Bill Chinnock circa 1977. Photos courtesy of William Chinnock

If there’s a rock and roll heaven, and I sure hope there is, chances are excellent that Bill Chinnock, who passed away in 2007 at age 59, is smiling at what can best be described as a long overdue course correction. An album he recorded in 1977 called “Badlands” has been re-mastered and was re-released on Aug. 30. It’s available exclusively through Bull Moose. This is a huge deal.

But before that story is told, a little Chinnock 101. His name has been familiar to me for many years, but it was only with the re-release of the “Badlands” album that I finally came to understand his significance and, upon listening to the record, become a proper fan. But I’m in the minority. Many longtime Mainers have known for decades that Chinnock was a real-deal rock-n-roll entity.

Newark, New Jersey-born Chinnock was an essential part of Asbury Park’s legendary music scene. One could argue that he essentially started it, but at the very least, he was right in the thick of it. The 30-minute documentary “Bill Chinnock: The Roots of Asbury Park” is an excellent resource and features interviews with several musicians who played with Chinnock, including Vini Lopez, the original drummer in Bruce Springsteen’s E Street Band. “I played with Bill before I played with Bruce,” Lopez said in the film, which you can watch on YouTube.

Chinnock moved to Maine when he was in his early 20s, and it very much became his home. His father-in-law was country singer Dick Curless. In 1987, Chinnock won an Emmy for the song “Somewhere in the Night,” theme for the daytime drama “Search for Tomorrow.”

In 1977, Chinnock recorded the album “Badlands,” and it was released on North Country Records.  A year later, he was signed to Atlantic Records, which thought it was a good idea to pull all of the original copies of the album and then remix “Badlands” with added strings, studio musicians and vocalists. Chinnock’s fans were disappointed with what was described in a news release as the “sweetening of the raw and gutsy sound that made the original so special.” As a result, original copies  of “Badlands” became highly sought after, and Chinnock’s career moved forward with the release of “Dime Store Heroes” in 1980 and several others.

Chinnock died on March 7, 2007. In his obituary, his family said that he battled Lyme disease for a decade, and it ultimately led to his death. His manager said at the time that Chinnock committed suicide.

William Chinnock, 21, was 8 years old when he lost his father. He always knew his dad was a musician, but it wasn’t until he played guitar at a memorial show at New Jersey’s historic Stone Pony that he really started to get a grasp on his father’s musical history and the legacy that he left behind.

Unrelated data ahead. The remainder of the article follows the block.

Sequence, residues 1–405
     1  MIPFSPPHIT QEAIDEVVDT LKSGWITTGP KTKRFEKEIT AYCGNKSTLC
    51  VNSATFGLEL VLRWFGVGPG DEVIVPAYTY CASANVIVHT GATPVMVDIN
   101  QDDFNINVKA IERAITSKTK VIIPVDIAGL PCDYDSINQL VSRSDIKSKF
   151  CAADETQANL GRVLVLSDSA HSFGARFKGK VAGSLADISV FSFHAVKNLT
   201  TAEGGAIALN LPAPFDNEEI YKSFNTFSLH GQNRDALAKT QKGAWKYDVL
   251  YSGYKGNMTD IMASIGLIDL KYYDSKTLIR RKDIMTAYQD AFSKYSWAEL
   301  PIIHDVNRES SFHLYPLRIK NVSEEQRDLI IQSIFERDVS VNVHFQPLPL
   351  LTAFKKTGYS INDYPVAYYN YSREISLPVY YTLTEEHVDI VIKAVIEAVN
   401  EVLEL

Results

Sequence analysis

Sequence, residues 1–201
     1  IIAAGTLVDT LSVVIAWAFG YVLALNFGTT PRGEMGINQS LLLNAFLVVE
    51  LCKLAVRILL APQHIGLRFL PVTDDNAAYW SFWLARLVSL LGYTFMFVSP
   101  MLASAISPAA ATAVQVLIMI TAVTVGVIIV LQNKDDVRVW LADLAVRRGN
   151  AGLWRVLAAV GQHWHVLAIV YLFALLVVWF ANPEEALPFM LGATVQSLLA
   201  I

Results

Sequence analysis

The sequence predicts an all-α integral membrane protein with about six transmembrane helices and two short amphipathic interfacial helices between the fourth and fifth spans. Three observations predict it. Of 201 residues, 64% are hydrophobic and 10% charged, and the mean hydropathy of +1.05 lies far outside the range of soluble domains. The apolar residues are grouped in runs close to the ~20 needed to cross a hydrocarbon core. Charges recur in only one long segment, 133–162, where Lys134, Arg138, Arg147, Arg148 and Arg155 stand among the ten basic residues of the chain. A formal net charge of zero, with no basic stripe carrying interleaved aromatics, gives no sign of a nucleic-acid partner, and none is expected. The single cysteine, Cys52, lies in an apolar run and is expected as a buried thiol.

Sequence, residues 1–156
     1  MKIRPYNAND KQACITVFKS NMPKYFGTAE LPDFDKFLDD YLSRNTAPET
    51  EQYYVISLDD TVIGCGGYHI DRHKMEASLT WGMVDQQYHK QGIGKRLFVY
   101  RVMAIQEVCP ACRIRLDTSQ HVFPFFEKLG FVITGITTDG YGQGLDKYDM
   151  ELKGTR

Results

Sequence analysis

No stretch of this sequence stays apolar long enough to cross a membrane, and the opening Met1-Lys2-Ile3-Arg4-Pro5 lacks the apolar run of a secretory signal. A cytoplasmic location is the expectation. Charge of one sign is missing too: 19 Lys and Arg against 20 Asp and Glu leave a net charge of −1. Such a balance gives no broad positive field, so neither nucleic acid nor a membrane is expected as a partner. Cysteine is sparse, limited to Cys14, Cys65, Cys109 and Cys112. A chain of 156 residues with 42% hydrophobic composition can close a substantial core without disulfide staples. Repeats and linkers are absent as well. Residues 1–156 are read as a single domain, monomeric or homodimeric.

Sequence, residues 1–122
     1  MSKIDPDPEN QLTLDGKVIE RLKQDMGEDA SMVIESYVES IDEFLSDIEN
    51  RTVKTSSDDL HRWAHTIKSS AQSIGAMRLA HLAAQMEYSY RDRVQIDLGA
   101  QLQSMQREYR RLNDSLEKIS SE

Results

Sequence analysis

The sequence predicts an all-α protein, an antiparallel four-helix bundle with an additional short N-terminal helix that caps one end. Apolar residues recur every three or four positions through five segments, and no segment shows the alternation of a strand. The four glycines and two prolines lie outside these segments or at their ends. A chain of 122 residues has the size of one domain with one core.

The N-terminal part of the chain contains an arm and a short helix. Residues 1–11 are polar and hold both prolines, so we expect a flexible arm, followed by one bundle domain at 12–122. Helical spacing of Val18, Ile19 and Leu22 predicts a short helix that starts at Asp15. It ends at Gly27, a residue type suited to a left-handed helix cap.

In a telephone interview, William spoke about how, over the years, he and his mother, Terry Chinnock, heard repeatedly that fans much preferred the 1977 version of “Badlands” and that they wished it was available. He even had an Apple store employee, who recognized his name, tell him that he had transferred his 1977 vinyl edition over to digital so it could be listened to on an iPod.

Cover of Bill Chinnock’s “Badlands” album, recorded in 1977.

The wheels were set in motion earlier this year to give the people what they wanted: the original version of “Badlands.” Chinnock put a call in to Charlie Gaylord from Crooked Cove CD & Vinyl, and Gaylord oversaw the entire project. Gaylord is friends with John Kumnick, Chinnock’s last bass player, and the two of them reached out to Pat Keane, owner of Pat Keane Mastering in Portland. Gaylord said this about Chinnock: “Bill was a force of nature on stage and was maybe the No. 1 live act in northern New England from the mid-’70s through the ’90s.”

Although at least some of the master “Badlands” tapes exist, they weren’t used. “We just couldn’t use them, I was afraid that something was going to happen to them,” Keane said. Instead, Keane captured the audio from one of the original vinyl pressings of “Badlands” and cleaned it up using modern technology. In layman’s terms, Keane removed noises, clicks, pops and audible distortions. Keane added that the remastering process also involved some corrective equalization and compressing the songs a bit to increase the volume.

I asked William if he thinks his father would be happy to know that the original “Badlands” was back in the world in its proper form. “I would say so, for sure. I feel like now it’s kind of getting its time in the sun, so I’m just happy I was able to do it.”

Despite being more than four decades old, “Badlands” is a timeless tour de force of rock. With Chinnock’s slide guitar, electric Fender guitar, screaming harmonica and his rough-hewn, tear-the-roof-off-the-joint vocals, not to mention first-rate band, all eight songs are fantastic. “Outlaw” is a favorite for both William and me, with its streets of Jersey grit and blazing horns. “Badlands” also has its tender moment in the sweeping ballad “Another Man Gone Down.”

Bill Chinnock may not walk among us mortals, but his musical legacy will never be forgotten. Hats off to all those involved with “Badlands.” Roll your windows down and play it loudly in the car or on the home stereo and knock the paintings on the walls loose with it. “Badlands” and Bill Chinnock have earned that honor.

Comments are not available on this story.